I couldn’t communicate properly with other members of my group (anxiety sufferers, you know what I’m talking about), which meant nobody could comfort me, so I ended up isolating myself even further. Fortunately, our guide was the epitome of cool, calm leadership, walking alongside me for hours on end, quietly and reassuringly.
Eventually, I recovered. I always do, having clutched to the mantra Tomorrow’s a new day through the decades.
Climbing and carrying, a different way of life
A word about our porters, wow. These guys lugged our huge 20kg+ duffle bags ahead of us every day, 2-3 of them each, strapped to their heads. Every step we took, they’d each taken hours before us, waiting patiently for us to arrive before preparing meals and tea, and organising our accommodation to make sure we were as comfortable as we could be under the circumstances.
As distressing as it felt sometimes to watch them work, climbing and carrying is a way of life for many in the Himalayas. Above a certain altitude, there are no roads and virtually everything is carried in on foot. At a rest stop one day, we were passed by an elderly man (in gumboots!) with a huge washing machine strapped to his head.
We would not have completed our journey without our heroes for the week, our porters.
Back in Kathmandu, we wandered the old towns and powered through mounds of lentils, chickpeas, roti, and potatoes. We got lost. We paid coins to be blessed by holy men high as kites. We visited more temples and absorbed more religious and historical information from our local guides than I would have thought possible in a lifetime.
I bought cashmere and prayer flags and North Face, and trinkets for the kids. And at Pashupatinath (another World Heritage Site and one of the most sacred Hindu temples in all Nepal) we watched and learned about the very public, traditional Hindu funeral services and cremations that take place every day on the banks of the local river that flows to the Ganges.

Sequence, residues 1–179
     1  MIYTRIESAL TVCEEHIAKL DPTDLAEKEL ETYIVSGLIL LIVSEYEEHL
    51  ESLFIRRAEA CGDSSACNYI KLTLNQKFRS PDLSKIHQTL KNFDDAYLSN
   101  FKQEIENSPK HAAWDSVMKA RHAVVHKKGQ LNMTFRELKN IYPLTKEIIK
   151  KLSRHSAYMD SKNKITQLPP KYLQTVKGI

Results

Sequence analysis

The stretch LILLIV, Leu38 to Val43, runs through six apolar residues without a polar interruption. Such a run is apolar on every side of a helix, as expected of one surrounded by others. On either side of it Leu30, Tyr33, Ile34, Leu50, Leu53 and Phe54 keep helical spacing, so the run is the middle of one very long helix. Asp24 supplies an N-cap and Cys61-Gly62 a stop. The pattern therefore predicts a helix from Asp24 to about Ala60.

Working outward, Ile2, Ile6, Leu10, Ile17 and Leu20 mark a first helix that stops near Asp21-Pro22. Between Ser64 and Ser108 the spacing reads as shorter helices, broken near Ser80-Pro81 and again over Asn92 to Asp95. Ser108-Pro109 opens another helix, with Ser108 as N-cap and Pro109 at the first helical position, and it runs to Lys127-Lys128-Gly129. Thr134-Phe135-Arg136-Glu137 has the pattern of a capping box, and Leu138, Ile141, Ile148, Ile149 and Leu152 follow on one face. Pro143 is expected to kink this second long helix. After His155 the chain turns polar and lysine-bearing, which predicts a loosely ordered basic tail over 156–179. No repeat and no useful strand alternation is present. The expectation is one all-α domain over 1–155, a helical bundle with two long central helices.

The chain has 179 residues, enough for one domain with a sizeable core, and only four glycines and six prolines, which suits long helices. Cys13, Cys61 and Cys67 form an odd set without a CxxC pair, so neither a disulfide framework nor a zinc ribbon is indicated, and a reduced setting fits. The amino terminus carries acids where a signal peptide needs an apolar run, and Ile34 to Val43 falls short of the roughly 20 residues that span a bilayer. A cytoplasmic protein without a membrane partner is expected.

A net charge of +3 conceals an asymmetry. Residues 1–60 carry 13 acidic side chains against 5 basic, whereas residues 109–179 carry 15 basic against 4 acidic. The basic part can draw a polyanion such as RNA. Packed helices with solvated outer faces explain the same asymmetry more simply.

My head was exploding with gratitude.
Kathmandu was full-on, still very much in regeneration mode following the 2015 earthquake, which killed 9,000 and injured triple that, and razed a number of historic and religious sites and thousands of homes. Bamboo scaffolding aplenty! Also dust! Our guide was pragmatic about the aftermath of the ‘quake – after all, said Buddha, ‘nothing is permanent’.
The eternal joy of a good roommate
And through it all, I roomed with one of the most gorgeous, kind, generous, funny, intuitive, special women I’ve ever met. Her name is Ramia. We shared so much; laughs (so many laughs), tears, fears, hugs, hopes, and dreams, for ourselves, each other, and our kids. The trek was a mind-blowing experience for us both and we’ll share a special bond forever.
Ultimately, my trip to Nepal was a turning point at a time when I needed it the most. Depression can be a wicked, wicked beast. But throughout the trip, I continued to practice (as much as possible) all the small, daily rituals that had slowly amalgamated to give my life meaning – to give me a sense of purpose – during my darkest days; quiet reflection, time in nature, whole foods made with love, physical exertion, yoga practice, and journaling. Most of all it forced me to look up, and out, and around, and helped me rediscover what it means to be really, truly alive. One small step at a time.